I had a feeling this was going to be a weird book just based on the name. It was Indiespensible #57 from back in February of 2016, which means that I’m managing to stay less than two years behind on my Indiespensible pile. Some day I’m going to take a month off work and refuse to leave my house and try to avoid sleeping and get some serious reading done. But until then I’ll just keep plugging away on my piles of books.
Oh, so my feeling about the book being weird was right on. But it was sneakily weird. It started weird, then got less weird, then the end was super weird. For some reason ghost stories dressed up as literary fiction rub me the wrong way. Either be fantasy or be regular fiction, don’t try to be both, I think is my feeling. But that’s wrong too. Books like this one rub me the wrong way. I’ve read, and loved, plenty of literary fantasy books before, like all of Deborah Harkness’ books, Margaret Atwood’s MaddAddam trilogy, J.R.R. Tolkien’s Lord of the Rings, which is, without a doubt, the best example of the modern literary ficton/fantasy genre, or if not the best, at least the first one I can think of outside of like Frankenstein and Dr. Jekyll and Mr. Hyde and that ilk. I think it’s just books that give me the impression that they are being weird just for the sake of being weird that bug me.
This novel has two time lines: one present day told in first person by Cora, a girl who finds herself pregnant and single in her mid-twenties. She seems an average sort of person, who loves social media and has an okay job. The other story is told at some point in the past, probably fifteen or so years prior to the present day timeline, and tells the story of Cora’s aunt Ruth and her friend Nat. Cora’s mom and aunt were raised in a foster home run by the Father and the Mother, who are not great people but not bad enough to warrant more of a brief mention here. Cora’s mom ages out at eighteen and leaves her much younger sister alone at the foster home. Explanations for why El never picks up her sister are never given. Ruth latches onto Nat, also her age, once El leaves, and says he is her new sister. Their relationship is close but always platonic, and a little weird. Nat says he can talk to the dead, so he and Ruth set up a little business with the kids at the school. Eventually they hook up with Mr. Bell, who is a con artist in town, and they make a lot of money with their little show.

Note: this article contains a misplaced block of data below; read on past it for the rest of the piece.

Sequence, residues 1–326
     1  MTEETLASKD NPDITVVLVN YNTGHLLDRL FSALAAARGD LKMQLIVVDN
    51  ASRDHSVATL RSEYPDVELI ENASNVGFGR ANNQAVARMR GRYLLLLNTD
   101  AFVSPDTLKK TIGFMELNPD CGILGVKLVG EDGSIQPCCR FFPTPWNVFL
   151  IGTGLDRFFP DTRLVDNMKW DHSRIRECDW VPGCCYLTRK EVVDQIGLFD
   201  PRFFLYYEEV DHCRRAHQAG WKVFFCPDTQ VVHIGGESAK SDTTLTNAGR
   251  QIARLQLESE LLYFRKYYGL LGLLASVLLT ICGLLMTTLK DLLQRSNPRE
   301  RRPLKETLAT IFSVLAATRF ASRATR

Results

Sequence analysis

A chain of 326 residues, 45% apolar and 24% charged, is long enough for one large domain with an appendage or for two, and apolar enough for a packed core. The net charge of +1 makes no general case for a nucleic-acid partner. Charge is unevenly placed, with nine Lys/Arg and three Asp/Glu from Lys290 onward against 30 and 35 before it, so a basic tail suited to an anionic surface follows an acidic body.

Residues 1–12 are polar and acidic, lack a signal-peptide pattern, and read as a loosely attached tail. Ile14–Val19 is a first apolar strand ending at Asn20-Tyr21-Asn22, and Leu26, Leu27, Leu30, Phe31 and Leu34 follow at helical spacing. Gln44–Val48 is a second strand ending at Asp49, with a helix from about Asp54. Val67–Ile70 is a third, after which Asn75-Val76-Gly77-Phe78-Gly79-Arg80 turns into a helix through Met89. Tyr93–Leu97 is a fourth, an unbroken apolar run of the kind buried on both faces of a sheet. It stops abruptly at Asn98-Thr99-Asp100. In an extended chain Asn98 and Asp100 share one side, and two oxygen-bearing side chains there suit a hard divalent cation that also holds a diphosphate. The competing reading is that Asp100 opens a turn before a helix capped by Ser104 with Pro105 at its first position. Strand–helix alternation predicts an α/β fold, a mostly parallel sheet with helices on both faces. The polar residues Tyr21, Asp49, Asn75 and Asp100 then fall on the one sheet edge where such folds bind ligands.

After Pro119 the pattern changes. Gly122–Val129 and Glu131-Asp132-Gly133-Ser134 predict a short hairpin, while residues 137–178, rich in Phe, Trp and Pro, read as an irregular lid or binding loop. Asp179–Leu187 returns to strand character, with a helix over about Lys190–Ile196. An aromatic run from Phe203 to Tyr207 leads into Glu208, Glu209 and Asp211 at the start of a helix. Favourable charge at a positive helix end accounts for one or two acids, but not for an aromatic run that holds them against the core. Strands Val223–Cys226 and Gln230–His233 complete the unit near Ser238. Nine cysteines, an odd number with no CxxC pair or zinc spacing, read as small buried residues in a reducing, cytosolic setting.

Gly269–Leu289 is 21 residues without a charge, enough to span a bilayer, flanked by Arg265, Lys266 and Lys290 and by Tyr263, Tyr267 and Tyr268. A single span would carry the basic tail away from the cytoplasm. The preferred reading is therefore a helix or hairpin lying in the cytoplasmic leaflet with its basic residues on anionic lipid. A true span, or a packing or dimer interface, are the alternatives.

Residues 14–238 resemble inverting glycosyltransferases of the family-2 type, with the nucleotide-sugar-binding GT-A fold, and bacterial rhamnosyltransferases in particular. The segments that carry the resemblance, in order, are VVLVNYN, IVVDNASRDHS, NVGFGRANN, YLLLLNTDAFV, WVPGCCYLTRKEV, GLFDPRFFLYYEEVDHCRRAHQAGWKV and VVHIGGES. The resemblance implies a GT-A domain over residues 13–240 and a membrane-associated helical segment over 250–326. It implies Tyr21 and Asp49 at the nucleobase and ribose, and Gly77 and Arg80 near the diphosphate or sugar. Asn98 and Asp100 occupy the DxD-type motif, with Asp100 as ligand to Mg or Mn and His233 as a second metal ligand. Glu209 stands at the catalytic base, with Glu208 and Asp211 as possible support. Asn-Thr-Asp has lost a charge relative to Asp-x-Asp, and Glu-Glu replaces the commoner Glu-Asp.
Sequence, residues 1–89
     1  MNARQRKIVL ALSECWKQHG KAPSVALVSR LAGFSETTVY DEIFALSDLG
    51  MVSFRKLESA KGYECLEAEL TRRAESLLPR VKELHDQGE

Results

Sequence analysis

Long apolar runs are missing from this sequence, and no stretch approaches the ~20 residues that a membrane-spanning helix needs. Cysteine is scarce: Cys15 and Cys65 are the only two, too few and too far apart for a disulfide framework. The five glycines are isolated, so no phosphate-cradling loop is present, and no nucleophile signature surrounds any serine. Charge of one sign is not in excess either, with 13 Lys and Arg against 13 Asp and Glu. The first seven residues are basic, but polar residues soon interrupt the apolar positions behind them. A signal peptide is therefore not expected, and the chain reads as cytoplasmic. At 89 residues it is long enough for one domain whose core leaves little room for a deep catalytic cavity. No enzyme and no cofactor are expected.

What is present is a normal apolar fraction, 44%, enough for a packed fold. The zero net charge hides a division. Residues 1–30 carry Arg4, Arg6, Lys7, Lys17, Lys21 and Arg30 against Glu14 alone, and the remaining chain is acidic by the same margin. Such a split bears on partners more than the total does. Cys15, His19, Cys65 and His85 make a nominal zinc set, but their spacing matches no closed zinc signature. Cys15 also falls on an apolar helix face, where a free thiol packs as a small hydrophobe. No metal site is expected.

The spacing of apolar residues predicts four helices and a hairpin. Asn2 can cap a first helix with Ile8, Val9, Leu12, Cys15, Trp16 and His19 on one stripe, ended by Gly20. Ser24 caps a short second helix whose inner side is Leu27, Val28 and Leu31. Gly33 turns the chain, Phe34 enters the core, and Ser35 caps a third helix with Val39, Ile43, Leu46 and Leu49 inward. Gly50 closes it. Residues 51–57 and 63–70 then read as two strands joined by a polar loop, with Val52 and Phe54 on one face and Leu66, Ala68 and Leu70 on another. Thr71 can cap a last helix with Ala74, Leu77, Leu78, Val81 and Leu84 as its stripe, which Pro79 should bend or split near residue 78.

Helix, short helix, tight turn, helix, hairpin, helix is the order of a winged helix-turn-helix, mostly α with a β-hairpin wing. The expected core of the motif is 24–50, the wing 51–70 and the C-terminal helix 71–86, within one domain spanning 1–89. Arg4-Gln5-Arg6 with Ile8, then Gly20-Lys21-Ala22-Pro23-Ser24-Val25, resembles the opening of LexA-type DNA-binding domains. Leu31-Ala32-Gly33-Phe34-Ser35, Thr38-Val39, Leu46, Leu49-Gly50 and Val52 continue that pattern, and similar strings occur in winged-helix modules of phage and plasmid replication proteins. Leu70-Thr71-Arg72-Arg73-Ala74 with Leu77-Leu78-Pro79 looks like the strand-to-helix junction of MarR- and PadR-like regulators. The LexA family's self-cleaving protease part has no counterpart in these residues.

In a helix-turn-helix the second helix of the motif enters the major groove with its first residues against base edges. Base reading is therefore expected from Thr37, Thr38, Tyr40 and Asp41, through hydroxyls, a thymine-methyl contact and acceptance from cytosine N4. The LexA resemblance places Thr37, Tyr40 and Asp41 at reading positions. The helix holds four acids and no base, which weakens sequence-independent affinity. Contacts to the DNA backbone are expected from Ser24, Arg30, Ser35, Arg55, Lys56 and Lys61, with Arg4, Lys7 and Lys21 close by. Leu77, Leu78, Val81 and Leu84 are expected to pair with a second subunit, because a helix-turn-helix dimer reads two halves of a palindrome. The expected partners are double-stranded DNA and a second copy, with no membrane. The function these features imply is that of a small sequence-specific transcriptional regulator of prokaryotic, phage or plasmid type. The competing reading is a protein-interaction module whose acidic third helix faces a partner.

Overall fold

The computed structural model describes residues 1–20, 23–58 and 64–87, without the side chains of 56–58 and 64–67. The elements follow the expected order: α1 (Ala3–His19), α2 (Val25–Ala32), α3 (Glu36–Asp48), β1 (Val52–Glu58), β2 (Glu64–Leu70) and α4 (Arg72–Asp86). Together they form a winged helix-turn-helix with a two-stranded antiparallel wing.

Meanwhile, back in the present day, Cora is still pregnant and alone, and then her aunt Ruth shows up, and for some reason she doesn’t speak anymore. Cora met Ruth and Nat once, when she was fourteen. They came to visit El and left after one night. Ruth and Cora take off in Cora’s car, but when it breaks down, they just start walking. Somewhere. Cora never quite knows where, but they walk for a long time, always heading somewhere, for the entirety of her pregnancy.
There’s a guy who snorts Comet and wants to marry Ruth, but his nose falls off and she loses interest. There’s a religion called Ether, which is a hybridization of many other religions as well as a few songs from the seventies. There are ghosts, real and imagined. And looking back on it, some of the weirdness is charming and beautifully written. Take this for example, wherein the author describes Cora going cold turkey off technology after the car breaks and she and Ruth start walking. “The first two days without a phone, my insides are jumpy and nauseated, a true withdrawal. My veins ache for information from the Internet, distractions from thought. I’m lonely. My neck, lungs, blood hurt like I’m getting a cold. The world happens without me because I’m exiled with no Wi-Fi. I wonder if my shoes have arrived yet. Maybe Lord [that’s the boyfriend] is trying to reach me with news of his divorce. I have a parasite of grotesque urges. I want to push little buttons quickly. I want information immediately. I want to post pictures of Ruth and me smiling into the sun. I want people to like me, like me, like me. I want to buy things without trying them on. I want to look at photos of drunk kids I knew back in high school. And I want it all in my hand. But my cyborg parts have been ripped out. What’s the temperature? I don’t know. What’s the capitol of Hawaii? I don’t know anything. I don’t even know the automated systems in my body anymore. I don’t know how to be hungry, how to sleep, to breathe (70).”
There are many, many beautiful and good things about this book, but there are also weird and not so good things about it. I don’t think it’s a book for everyone, though I will admit that other than the “weird for the sake of being weird” vibe I got off and on while I was reading it, generally it was quite well-written, but folks who like pure literary fiction or pure fantasy may not be able to get into it. And here’s one complaint: if the name of the book is going to be Mr. Splitfoot, perhaps Mr. Splitfoot should play a more prominent role.